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Electric Car Prices Increase with Fuel Price Surge

Electric vehicles may not be a safe refuge for people hoping to save money as US gas prices hit record highs in the aftermath of Russia’s invasion of Ukraine. That’s because Russia is a key player in the manufacture of nickel, which is used in the batteries of many Electric vehicles and has risen in price even faster than oil. According to The Wall Street Journal, nickel was trading at around $24,000 per tonne on the London Metal Exchange on February 25th.

It was trading around $80,000 on March 8th, down from a high of nearly $100,000, and the London Metal Exchange had halted trading. There are a few reasons for the enormous price increase: it’s 2022, so there are financial shenanigans, but the market also can’t ignore the fact that a major nickel producer is at war and facing a flurry of international sanctions. Russia isn’t a major player in the nickel mining industry.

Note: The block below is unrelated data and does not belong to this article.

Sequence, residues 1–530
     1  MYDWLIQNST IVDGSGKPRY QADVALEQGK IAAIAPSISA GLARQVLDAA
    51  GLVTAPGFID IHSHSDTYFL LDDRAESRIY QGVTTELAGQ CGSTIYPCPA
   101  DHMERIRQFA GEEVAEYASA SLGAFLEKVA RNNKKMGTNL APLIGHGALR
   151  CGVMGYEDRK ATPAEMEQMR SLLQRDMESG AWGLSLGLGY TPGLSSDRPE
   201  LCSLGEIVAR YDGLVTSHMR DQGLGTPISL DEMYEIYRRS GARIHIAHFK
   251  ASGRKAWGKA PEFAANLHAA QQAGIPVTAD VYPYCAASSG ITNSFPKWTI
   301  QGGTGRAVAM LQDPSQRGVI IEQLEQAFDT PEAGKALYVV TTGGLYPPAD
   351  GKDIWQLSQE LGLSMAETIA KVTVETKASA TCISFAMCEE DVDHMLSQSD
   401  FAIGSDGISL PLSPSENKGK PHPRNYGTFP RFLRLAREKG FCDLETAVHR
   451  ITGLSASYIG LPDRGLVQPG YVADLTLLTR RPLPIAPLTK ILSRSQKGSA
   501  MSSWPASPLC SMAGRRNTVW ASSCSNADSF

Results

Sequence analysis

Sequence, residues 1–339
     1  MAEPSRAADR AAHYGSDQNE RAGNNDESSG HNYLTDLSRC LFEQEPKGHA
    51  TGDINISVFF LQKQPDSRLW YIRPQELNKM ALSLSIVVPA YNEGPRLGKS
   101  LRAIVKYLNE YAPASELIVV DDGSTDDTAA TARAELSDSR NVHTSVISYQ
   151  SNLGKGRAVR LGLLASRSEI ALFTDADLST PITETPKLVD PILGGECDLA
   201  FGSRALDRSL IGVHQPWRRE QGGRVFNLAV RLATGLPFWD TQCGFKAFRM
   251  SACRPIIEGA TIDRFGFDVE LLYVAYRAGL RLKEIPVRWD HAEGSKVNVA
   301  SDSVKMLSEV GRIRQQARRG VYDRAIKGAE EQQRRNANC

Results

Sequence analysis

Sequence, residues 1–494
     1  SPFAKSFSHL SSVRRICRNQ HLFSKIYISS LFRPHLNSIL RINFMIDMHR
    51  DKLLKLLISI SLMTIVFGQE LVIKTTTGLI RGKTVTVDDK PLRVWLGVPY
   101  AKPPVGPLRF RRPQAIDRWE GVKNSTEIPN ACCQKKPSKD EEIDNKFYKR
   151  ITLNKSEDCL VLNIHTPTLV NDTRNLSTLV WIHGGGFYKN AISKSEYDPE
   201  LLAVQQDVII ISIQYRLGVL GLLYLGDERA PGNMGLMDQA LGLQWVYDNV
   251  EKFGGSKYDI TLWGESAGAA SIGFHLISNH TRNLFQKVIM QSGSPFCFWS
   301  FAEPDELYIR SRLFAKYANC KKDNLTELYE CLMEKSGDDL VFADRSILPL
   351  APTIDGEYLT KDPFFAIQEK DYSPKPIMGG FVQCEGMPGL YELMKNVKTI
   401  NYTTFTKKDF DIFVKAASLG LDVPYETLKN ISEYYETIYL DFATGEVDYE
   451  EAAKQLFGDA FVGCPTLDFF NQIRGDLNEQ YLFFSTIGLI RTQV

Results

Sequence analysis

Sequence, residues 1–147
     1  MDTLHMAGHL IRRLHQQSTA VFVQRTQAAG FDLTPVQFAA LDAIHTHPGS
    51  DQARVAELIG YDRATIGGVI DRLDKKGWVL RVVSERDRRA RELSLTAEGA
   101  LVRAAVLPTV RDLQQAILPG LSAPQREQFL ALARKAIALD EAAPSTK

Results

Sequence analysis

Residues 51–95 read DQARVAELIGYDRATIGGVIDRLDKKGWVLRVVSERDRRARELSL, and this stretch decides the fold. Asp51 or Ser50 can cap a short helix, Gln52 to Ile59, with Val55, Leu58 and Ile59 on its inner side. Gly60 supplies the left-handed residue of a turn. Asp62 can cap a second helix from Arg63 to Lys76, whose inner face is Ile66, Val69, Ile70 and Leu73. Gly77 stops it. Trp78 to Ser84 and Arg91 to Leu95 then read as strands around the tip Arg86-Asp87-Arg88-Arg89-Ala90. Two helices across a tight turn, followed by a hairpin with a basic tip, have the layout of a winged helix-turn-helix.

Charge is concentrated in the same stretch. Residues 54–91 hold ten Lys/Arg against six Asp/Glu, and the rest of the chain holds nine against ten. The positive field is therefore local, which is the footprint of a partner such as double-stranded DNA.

According to the Wall Street Journal, the country provides up to 6% of the world’s nickel. However, Russia’s participation in producing the battery-grade nickel used in EVs is a different storey; according to the CEO of Benchmark Mineral Intelligence, 20 percent of that supply comes from a single Russian company, according to a Twitter thread delving into the subject.

Of course, automakers are aware of nickel’s shortage. Tesla’s CEO, Elon Musk, announced in late February that the business aims to move away from nickel-hungry lithium-ion battery cells in its long-distance vehicles. Tesla will be shifting to iron cathode technology, he added, but it’s difficult to say how long that process would take. He called nickel the company’s “greatest risk for scaling.” It’s also ineffective when it comes to the more coveted long-range variants. Nickel prices were already a problem for EV producers before the invasion, according to Bloomberg and Reuters.

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